Limits...
Presence of cancer-associated mutations in exhaled breath condensates of healthy individuals by next generation sequencing

View Article: PubMed Central - PubMed

ABSTRACT

Exhaled breath condensate (EBC) is a non-invasive source that can be used for studying different genetic alterations occurring in lung tissue. However, the low yield of DNA available from EBC has hampered the more detailed mutation analysis by conventional methods. We applied the more sensitive amplicon-based next generation sequencing (NGS) to identify cancer related mutations in DNA isolated from EBC. In order to apply any method for the purpose of mutation screening in cancer patients, it is important to clarify the incidence of these mutations in healthy individuals. Therefore, we studied mutations in hotspot regions of 22 cancer genes of 20 healthy, mainly non-smoker individuals, using AmpliSeq colon and lung cancer panel and sequenced on Ion PGM.

In 15 individuals, we detected 35 missense mutations in TP53, KRAS, NRAS, SMAD4, MET, CTNNB1, PTEN, BRAF, DDR2, EGFR, PIK3CA, NOTCH1, FBXW7, FGFR3, and ERBB2: these have been earlier reported in different tumor tissues. Additionally, 106 novel mutations not reported previously were also detected. One healthy non-smoker subject had a KRAS G12D mutation in EBC DNA.

Our results demonstrate that DNA from EBC of healthy subjects can reveal mutations that could represent very early neoplastic changes or alternatively a normal process of apoptosis eliminating damaged cells with mutations or altered genetic material. Further assessment is needed to determine if NGS analysis of EBC could be a screening method for high risk individuals such as smokers, where it could be applied in the early diagnosis of lung cancer and monitoring treatment efficacy.

No MeSH data available.


KRAS: G12V mutation detected in the EBC sample from a healthy nonsmoking subject
© Copyright Policy - open-access
Related In: Results  -  Collection

License
getmorefigures.php?uid=PMC5392316&req=5

Figure 3: KRAS: G12V mutation detected in the EBC sample from a healthy nonsmoking subject

Mentions: In our study, one specimen exhibited the clinically relevant codon 12 KRAS mutation (G12V) with a mutant allele fraction of 6.8% (Figure 3). This codon mutation was found to be the most frequent mutation in tumor tissue in our previous study of Finnish NSCLC and has also been often described in tissues of lung cancer in other studies [18]. This is in concordance with a recently published study that reported the detection of KRAS G12V mutation in the plasma of three out of six controls, at low concentration (1.25 to 1.87 copies/mL) by using droplet digital PCR [19].


Presence of cancer-associated mutations in exhaled breath condensates of healthy individuals by next generation sequencing
KRAS: G12V mutation detected in the EBC sample from a healthy nonsmoking subject
© Copyright Policy - open-access
Related In: Results  -  Collection

License
Show All Figures
getmorefigures.php?uid=PMC5392316&req=5

Figure 3: KRAS: G12V mutation detected in the EBC sample from a healthy nonsmoking subject
Mentions: In our study, one specimen exhibited the clinically relevant codon 12 KRAS mutation (G12V) with a mutant allele fraction of 6.8% (Figure 3). This codon mutation was found to be the most frequent mutation in tumor tissue in our previous study of Finnish NSCLC and has also been often described in tissues of lung cancer in other studies [18]. This is in concordance with a recently published study that reported the detection of KRAS G12V mutation in the plasma of three out of six controls, at low concentration (1.25 to 1.87 copies/mL) by using droplet digital PCR [19].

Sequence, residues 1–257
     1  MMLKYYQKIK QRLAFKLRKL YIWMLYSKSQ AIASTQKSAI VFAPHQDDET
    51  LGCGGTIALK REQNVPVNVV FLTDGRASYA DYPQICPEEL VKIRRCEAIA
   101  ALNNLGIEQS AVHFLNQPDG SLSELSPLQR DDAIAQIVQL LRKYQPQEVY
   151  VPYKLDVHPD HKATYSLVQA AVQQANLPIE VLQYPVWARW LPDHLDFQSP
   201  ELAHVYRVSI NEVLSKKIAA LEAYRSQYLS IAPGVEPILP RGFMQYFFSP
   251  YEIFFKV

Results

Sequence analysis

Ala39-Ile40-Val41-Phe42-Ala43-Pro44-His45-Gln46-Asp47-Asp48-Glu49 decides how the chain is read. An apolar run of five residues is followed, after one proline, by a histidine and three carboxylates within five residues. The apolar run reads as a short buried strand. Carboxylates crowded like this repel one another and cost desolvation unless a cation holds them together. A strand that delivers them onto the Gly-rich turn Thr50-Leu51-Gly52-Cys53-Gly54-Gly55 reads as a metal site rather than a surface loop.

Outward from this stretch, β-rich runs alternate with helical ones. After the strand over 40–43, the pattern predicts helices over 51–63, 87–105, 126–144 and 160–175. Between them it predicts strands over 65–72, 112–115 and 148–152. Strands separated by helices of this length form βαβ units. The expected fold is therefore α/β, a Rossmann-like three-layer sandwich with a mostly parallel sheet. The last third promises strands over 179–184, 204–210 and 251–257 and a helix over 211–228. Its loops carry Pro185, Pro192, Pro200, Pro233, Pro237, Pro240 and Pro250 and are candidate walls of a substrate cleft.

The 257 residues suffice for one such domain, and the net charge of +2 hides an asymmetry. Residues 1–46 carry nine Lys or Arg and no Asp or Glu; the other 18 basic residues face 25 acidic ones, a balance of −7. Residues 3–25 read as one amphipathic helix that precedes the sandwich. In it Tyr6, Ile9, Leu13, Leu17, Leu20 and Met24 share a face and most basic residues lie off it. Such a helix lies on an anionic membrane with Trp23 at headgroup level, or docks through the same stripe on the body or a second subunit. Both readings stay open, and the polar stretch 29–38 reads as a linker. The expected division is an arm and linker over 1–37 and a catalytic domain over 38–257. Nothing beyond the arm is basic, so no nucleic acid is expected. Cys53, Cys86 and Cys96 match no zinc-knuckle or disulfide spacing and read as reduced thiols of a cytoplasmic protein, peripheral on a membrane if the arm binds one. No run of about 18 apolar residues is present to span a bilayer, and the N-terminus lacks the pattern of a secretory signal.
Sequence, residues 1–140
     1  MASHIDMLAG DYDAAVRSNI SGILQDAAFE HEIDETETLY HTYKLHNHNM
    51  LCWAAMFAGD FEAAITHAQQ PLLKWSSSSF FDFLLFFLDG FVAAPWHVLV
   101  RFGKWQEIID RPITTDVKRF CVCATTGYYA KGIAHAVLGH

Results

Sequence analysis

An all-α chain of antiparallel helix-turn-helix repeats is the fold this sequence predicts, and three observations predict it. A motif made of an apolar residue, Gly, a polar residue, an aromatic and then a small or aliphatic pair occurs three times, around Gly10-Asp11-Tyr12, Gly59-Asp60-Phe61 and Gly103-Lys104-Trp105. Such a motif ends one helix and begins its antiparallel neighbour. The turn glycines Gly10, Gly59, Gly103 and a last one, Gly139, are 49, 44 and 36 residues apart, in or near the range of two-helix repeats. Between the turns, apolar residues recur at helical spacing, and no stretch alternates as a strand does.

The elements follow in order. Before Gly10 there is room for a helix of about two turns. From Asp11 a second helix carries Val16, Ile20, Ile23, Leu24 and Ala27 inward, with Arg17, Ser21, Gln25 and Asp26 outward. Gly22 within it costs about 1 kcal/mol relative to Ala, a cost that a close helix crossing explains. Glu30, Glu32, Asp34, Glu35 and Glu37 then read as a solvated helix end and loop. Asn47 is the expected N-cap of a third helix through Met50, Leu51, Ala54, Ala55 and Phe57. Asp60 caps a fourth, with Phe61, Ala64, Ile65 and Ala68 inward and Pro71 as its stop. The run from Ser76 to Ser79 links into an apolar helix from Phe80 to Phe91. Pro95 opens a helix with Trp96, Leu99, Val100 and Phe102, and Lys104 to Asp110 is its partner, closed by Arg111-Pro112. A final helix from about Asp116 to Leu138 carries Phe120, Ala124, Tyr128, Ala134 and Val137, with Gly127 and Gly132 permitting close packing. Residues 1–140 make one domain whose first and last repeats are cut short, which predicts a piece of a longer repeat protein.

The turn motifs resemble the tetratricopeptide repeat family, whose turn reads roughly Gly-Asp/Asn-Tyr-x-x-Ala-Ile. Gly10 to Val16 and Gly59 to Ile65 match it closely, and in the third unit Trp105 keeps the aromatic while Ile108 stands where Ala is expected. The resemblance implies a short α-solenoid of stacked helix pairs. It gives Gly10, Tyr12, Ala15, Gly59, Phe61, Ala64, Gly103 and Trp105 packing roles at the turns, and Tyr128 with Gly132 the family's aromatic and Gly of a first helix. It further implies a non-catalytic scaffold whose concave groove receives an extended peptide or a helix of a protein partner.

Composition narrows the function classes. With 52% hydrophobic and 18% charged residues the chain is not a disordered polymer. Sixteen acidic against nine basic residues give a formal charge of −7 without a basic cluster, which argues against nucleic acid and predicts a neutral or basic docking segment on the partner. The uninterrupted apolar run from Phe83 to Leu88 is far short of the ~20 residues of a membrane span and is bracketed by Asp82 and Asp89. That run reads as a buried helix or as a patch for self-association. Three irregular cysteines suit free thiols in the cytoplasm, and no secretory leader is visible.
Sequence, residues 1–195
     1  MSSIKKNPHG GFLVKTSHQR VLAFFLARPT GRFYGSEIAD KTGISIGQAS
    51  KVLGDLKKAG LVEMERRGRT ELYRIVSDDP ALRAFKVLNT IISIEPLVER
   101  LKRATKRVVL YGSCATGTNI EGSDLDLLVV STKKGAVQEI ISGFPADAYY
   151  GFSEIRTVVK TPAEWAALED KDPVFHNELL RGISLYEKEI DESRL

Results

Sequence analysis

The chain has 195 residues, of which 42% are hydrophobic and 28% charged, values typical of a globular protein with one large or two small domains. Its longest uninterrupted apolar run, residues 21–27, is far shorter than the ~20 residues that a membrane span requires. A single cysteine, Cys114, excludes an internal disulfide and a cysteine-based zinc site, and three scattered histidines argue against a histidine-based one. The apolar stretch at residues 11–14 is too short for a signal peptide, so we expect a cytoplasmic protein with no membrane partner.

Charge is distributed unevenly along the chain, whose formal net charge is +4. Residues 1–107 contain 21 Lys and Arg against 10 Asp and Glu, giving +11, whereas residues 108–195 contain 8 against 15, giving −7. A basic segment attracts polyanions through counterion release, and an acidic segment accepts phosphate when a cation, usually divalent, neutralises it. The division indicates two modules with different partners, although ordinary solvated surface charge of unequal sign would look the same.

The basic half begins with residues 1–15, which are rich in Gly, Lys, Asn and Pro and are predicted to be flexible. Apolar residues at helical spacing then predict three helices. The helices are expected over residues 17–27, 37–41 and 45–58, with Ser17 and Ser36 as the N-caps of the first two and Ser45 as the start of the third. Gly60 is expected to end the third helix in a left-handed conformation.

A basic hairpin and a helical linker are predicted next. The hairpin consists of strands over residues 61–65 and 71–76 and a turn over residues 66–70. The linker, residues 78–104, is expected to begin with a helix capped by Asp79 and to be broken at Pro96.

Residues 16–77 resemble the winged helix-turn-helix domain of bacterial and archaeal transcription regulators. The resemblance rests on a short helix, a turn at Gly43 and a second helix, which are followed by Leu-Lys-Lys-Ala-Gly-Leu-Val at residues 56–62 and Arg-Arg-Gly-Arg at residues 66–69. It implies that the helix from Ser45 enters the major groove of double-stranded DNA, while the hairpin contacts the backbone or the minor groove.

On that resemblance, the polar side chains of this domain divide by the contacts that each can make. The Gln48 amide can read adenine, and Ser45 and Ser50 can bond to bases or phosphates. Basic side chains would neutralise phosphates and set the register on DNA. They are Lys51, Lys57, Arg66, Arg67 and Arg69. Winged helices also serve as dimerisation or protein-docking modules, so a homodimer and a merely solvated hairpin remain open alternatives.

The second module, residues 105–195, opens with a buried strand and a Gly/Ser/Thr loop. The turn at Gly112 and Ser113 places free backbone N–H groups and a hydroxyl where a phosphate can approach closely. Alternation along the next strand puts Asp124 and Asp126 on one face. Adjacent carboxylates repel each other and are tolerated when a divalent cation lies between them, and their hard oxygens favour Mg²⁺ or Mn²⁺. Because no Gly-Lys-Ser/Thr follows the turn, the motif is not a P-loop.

View Article: PubMed Central - PubMed

ABSTRACT

Exhaled breath condensate (EBC) is a non-invasive source that can be used for studying different genetic alterations occurring in lung tissue. However, the low yield of DNA available from EBC has hampered the more detailed mutation analysis by conventional methods. We applied the more sensitive amplicon-based next generation sequencing (NGS) to identify cancer related mutations in DNA isolated from EBC. In order to apply any method for the purpose of mutation screening in cancer patients, it is important to clarify the incidence of these mutations in healthy individuals. Therefore, we studied mutations in hotspot regions of 22 cancer genes of 20 healthy, mainly non-smoker individuals, using AmpliSeq colon and lung cancer panel and sequenced on Ion PGM.

In 15 individuals, we detected 35 missense mutations in TP53, KRAS, NRAS, SMAD4, MET, CTNNB1, PTEN, BRAF, DDR2, EGFR, PIK3CA, NOTCH1, FBXW7, FGFR3, and ERBB2: these have been earlier reported in different tumor tissues. Additionally, 106 novel mutations not reported previously were also detected. One healthy non-smoker subject had a KRAS G12D mutation in EBC DNA.

Our results demonstrate that DNA from EBC of healthy subjects can reveal mutations that could represent very early neoplastic changes or alternatively a normal process of apoptosis eliminating damaged cells with mutations or altered genetic material. Further assessment is needed to determine if NGS analysis of EBC could be a screening method for high risk individuals such as smokers, where it could be applied in the early diagnosis of lung cancer and monitoring treatment efficacy.

No MeSH data available.